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The official newspaper of Chamblee High School, preserving the past for the future today!

The official newspaper of Chamblee High School, preserving the past for the future today!

The Blue & Gold

The official newspaper of Chamblee High School, preserving the past for the future today!

The Blue & Gold

How I feel About the new NCAA Double Contact Rule

The+author+and+her+volleyball+team.+Photo+submitted+by+Nadia+Norman
The author and her volleyball team. Photo submitted by Nadia Norman

Recently, the NCAA has ruled that volleyball players can contact the ball more than once in a single attempt on the team’s second contact. When a player contacts the ball more than once in a single attempt it is considered a double. If the contact gets sent over the net, the fault will be called. There is currently a lot of controversy surrounding a double and the new rule passed by the NCAA. As a volleyball player myself, I have come to realize the multiple opinions on this new rule. I personally believe this rule is great and will benefit players. 

First of all, the call of a double is the most subjective call in volleyball. This is because there is no definite way to determine a double without the use of camera replays. Currently, referees call doubles based on the spin of the ball which means that some refs will call the slightest spin as a double and others will not call a double at all. By taking out the call of a double, more players would be able to set the second ball if the setter gets the first touch. This will also make the game more competitive since the rule promotes continuation of plays, rallies can go on longer. 

Currently, the main reason that athletes and coaches are against this call is because they feel it takes away from the art of setting. Coaches work with their setters for months and years to perfect players’ sets, but by taking away the double call, setters don’t really have a reason to maintain the same level of play, setting wise. However, this is not the case. Setting a double will never give any team an advantage. As I’ve been playing volleyball for some years now, hitting a double is never easy. It means hitters have to adjust to the ball more and work to hit a spinning ball. Hitting a clean set with no spin is much easier to contact and produces better results from the hitters. This means that the work for setters will not be for nothing, hitters still prefer to contact a clean set.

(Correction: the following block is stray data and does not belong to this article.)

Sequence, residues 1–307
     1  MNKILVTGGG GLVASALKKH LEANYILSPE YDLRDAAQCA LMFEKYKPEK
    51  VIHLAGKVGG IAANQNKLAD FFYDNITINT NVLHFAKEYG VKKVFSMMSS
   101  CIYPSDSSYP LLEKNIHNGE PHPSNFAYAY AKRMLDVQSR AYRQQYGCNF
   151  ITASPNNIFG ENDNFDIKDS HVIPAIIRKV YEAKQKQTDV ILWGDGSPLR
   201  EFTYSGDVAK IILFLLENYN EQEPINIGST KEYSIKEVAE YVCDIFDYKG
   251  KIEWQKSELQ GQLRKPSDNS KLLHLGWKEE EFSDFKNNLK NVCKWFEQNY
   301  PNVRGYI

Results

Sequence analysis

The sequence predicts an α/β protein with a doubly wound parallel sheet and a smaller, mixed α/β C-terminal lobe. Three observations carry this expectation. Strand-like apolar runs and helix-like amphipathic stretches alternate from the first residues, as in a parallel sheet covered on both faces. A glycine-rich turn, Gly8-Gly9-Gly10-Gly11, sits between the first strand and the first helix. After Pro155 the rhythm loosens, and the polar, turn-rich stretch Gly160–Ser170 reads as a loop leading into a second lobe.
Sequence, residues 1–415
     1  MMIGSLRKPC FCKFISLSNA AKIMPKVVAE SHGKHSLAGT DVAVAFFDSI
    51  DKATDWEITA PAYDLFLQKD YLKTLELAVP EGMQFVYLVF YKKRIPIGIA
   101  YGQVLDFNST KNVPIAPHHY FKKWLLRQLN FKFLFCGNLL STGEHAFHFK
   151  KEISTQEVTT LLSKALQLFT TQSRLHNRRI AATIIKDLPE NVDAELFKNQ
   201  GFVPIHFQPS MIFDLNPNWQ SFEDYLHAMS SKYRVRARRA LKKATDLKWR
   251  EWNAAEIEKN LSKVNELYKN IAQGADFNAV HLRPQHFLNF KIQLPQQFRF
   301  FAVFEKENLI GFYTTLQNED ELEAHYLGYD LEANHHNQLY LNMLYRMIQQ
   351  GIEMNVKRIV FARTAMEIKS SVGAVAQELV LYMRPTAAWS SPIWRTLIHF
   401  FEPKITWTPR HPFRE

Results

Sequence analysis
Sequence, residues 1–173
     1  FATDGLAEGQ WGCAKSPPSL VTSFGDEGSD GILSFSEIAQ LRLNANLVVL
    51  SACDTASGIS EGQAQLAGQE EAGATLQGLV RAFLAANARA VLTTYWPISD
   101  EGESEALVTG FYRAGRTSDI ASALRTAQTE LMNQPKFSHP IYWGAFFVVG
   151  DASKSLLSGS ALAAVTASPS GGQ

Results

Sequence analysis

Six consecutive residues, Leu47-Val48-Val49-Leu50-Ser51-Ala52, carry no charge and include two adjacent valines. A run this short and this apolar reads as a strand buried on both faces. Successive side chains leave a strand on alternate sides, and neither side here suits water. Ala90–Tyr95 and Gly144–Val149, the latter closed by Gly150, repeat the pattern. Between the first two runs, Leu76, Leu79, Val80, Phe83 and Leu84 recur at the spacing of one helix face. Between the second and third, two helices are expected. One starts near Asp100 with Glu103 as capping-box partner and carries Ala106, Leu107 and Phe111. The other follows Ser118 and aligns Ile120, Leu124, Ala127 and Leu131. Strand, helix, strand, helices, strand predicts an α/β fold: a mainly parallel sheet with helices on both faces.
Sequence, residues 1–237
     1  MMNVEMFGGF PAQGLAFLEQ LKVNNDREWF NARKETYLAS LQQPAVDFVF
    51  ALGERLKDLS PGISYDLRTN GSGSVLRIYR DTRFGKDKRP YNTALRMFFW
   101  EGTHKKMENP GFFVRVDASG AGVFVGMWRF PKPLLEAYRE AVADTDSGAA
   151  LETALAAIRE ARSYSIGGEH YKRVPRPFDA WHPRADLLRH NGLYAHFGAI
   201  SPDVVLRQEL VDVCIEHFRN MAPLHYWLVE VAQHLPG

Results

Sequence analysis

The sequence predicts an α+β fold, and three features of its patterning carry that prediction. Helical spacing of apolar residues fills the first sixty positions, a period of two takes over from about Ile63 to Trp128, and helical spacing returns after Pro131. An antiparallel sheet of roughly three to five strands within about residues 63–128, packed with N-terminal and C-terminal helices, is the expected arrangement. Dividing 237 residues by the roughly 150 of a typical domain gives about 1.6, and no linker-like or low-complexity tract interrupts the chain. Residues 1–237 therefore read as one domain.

Another part of the NCAA’s rule is that if double contact is on the ball that is sent over the net, it will be called. This will also force setters to want to set their hitters more and motivate them to have sets with no spin because it will ultimately be called as a fault if sent over the net. Even though double contacts are allowed on the second touch, sets can still be called for a lift, carry, or another fault. 

As an AAU athlete, this new rule can be frustrating at times because of the ref’s inconsistency with double calls. My team and I have noticed that while this new rule does not apply to us, there are instances where referees apply these new rules to us, which isn’t fair. At our tournament last weekend, we saw many doubles that the refs did not call. This included a few sets from our setters that were doubles but refs did not call them as faults and the play continued. 

In conclusion, the new NCAA double contact rule marks a significant shift in the sport of volleyball. While some may have concerns over how fair it is, the benefits definitely outweigh the drawbacks. As the game continues to evolve, this rule will undoubtedly lead to more thrilling plays and rally’s.

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About the Contributor
Nadia Norman
Nadia Norman, Staff Writer
Nadia Norman (‘26) is a sophomore and staff writer at the Blue and Gold. In five years she hopes to be at her dream college studying to get her bachelors degree. Her three favorite things are Target, listening to music, and binging suits (the show).

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